• Most cameras allow shooting movie clips (avi). Even if the movie mode may provide less pixel resolution, shoot movie clips, particularly for planetary imaging. Movie clips consist of many single frames and software  like RegiStax convert the movie clip into a string of single images, which can be stacked. With a frame per second rate (fps) of typically 10 fps to 30fps, a 10 second clip results in a large number of single frames. This is important because air movement and other distortions will blur many images. The probability of getting a few good ones increases with the number of available images.
  • Stacking good images helps to pronounce object features and texture.
  • If your camera has no movie (avi) feature take at least 30, better 50 (or even more) images to increase the probability hitting  some really good ones with little of no air movement.
  • DSLR cameras use mirrors that flip up during the exposure. If shooting images (not movie clips) use mirror lock if available. Even if the mirror is very light, the fast movement can create enough momentum to cause shake, which again blurs the image.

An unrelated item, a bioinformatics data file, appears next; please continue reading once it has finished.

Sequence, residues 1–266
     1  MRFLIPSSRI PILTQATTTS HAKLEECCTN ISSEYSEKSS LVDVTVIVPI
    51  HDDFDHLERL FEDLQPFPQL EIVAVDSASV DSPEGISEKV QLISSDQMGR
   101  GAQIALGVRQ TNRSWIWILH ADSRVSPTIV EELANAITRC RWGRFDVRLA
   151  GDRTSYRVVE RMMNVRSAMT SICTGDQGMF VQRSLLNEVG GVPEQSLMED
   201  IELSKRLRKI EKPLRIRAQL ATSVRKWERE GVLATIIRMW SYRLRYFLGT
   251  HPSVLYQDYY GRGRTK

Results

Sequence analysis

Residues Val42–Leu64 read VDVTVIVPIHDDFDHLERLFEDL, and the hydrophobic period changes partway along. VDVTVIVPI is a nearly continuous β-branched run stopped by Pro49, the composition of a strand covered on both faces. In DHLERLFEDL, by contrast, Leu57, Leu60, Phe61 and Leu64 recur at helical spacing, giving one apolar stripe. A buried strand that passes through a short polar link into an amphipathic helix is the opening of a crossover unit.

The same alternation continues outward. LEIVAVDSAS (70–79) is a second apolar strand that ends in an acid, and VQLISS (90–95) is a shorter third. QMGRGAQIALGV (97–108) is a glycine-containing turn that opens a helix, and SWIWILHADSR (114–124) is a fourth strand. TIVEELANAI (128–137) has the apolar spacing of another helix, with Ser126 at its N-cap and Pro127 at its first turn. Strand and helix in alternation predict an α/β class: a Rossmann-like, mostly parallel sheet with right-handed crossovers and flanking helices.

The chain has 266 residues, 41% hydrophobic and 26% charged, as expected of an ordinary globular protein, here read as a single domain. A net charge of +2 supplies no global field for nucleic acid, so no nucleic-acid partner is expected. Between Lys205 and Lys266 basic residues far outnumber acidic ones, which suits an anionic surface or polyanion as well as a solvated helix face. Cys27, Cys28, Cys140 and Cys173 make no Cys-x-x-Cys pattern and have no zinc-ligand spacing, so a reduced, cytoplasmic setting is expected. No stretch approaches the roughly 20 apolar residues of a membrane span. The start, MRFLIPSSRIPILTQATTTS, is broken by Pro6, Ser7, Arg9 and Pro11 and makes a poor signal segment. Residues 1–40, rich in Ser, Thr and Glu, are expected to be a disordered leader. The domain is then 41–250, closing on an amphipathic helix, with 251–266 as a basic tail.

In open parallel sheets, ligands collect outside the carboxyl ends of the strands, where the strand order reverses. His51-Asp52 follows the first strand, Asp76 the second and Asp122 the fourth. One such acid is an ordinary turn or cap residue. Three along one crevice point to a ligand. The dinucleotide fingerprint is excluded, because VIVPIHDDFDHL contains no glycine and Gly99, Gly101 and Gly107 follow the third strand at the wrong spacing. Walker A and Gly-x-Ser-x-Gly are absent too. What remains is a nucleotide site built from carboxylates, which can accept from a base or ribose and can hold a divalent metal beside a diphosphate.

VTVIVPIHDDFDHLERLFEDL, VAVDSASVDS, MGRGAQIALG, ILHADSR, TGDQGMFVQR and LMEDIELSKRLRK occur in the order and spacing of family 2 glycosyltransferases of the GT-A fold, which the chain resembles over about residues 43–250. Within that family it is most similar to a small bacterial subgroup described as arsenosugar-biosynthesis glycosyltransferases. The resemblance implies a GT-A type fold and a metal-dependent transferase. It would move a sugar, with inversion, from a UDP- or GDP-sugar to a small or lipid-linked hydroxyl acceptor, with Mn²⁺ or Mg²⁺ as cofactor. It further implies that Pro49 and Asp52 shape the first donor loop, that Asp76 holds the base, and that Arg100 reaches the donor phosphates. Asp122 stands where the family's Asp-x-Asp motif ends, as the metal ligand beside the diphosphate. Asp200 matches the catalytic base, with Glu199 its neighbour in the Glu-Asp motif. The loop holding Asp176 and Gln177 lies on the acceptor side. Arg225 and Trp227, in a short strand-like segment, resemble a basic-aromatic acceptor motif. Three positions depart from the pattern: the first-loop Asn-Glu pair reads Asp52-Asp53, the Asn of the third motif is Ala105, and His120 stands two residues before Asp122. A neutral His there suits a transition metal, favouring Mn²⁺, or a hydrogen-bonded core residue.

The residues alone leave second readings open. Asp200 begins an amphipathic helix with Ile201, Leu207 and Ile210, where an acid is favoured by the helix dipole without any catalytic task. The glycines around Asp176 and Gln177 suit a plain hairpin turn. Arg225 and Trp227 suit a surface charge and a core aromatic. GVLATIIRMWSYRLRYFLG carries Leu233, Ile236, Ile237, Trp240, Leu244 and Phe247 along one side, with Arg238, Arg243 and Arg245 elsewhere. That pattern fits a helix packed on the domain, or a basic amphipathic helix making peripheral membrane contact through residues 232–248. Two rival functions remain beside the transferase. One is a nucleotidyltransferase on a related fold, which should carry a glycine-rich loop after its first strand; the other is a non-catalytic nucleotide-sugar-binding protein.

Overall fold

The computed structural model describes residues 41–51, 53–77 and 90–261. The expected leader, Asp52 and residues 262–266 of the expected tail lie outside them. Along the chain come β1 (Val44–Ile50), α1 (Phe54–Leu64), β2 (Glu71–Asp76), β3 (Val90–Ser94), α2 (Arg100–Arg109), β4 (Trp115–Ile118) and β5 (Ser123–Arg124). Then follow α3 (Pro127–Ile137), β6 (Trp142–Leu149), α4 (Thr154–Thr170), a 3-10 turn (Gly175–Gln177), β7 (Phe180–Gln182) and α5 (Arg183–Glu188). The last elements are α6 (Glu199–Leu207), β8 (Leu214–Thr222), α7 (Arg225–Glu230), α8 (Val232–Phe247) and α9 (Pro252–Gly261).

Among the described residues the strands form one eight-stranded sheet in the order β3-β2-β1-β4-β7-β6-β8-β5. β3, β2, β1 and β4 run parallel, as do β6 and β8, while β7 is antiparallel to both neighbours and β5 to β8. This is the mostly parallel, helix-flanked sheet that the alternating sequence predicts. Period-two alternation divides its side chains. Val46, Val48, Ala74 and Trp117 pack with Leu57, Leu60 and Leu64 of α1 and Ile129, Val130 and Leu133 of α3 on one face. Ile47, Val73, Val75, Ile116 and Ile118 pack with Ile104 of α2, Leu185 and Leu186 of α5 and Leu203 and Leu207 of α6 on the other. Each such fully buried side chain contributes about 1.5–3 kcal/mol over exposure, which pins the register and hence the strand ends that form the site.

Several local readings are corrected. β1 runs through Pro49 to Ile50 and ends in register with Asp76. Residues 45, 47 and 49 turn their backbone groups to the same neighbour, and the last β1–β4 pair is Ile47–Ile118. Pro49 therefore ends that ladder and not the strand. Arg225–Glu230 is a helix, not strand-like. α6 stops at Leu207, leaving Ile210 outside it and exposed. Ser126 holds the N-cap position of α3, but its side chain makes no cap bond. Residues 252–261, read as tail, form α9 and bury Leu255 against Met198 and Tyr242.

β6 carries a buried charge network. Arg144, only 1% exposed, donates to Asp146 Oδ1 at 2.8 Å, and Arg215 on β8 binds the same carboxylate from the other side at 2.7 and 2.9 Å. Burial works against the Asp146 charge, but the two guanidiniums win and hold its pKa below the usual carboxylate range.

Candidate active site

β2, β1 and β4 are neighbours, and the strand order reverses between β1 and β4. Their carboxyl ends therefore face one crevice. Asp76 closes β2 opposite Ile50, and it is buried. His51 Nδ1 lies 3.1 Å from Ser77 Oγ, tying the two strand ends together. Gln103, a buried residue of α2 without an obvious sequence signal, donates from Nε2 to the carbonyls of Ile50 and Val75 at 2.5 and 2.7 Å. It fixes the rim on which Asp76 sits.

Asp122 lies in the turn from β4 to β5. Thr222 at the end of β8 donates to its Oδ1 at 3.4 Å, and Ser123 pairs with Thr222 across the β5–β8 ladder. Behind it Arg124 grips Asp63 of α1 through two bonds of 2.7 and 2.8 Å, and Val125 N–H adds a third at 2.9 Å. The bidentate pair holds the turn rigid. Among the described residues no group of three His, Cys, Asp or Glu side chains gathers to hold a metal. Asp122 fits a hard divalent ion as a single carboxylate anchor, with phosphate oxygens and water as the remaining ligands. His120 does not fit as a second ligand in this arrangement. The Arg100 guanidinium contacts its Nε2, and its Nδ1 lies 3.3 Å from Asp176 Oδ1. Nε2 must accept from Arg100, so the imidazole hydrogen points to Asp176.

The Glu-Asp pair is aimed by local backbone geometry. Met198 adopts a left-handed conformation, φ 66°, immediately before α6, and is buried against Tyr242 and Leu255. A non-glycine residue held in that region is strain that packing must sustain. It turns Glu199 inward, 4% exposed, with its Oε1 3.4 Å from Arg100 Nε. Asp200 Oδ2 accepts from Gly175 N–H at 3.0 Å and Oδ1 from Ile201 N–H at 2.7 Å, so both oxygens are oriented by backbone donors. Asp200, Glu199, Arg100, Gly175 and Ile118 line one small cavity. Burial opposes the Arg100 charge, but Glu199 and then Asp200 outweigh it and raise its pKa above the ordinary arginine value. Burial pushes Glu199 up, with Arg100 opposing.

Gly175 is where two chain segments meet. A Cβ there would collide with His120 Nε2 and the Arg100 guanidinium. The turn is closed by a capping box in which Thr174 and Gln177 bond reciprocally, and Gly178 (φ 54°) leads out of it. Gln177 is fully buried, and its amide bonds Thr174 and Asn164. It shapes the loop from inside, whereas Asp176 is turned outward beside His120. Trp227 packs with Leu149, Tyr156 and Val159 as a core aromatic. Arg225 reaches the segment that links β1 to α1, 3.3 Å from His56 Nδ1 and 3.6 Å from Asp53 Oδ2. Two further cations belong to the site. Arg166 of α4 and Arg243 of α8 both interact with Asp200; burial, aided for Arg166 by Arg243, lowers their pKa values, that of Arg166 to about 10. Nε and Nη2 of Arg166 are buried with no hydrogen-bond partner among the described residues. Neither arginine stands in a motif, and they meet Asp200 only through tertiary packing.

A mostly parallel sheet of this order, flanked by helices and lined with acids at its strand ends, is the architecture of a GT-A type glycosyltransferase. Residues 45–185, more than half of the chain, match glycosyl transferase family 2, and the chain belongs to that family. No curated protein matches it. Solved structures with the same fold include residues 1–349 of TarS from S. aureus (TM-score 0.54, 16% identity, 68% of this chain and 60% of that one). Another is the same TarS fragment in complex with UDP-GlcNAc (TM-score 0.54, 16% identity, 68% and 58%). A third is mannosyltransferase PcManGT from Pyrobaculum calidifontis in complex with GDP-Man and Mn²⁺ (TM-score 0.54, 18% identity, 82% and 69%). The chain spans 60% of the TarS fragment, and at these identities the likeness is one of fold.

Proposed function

Jupiter is the fifth and largest planet in our solar system. It is a gas giant which is primarily composed of hydrogen and helium (very similar to our sun). Jupiter may also have a rocky core of heavier elements.
    Jupiter – Image taken with eyepiece projection technique (telescope: 900/120mm, eyepiece: 20mm)

Object Position

  • Take shots at planets when they are high in the sky rather than low at the horizon. Positions high in the sky minimize air refraction distortion. Light that travels through the atmosphere is scattered by aerosol droplets and absorbed by dust. These effects cause diffraction rings and reduce the image brightness. High in the sky, light’s atmospheric path is much shorter, reducing distortion effects significantly.
  • There are also disadvantages of high object positions. Particularly when shooting with a large refractor, the camera position is very low. Also, a large refractor with extension tubes and camera mounted may hit the tripod legs in this position. Make sure enough space is left when moving the telescope to the desired object.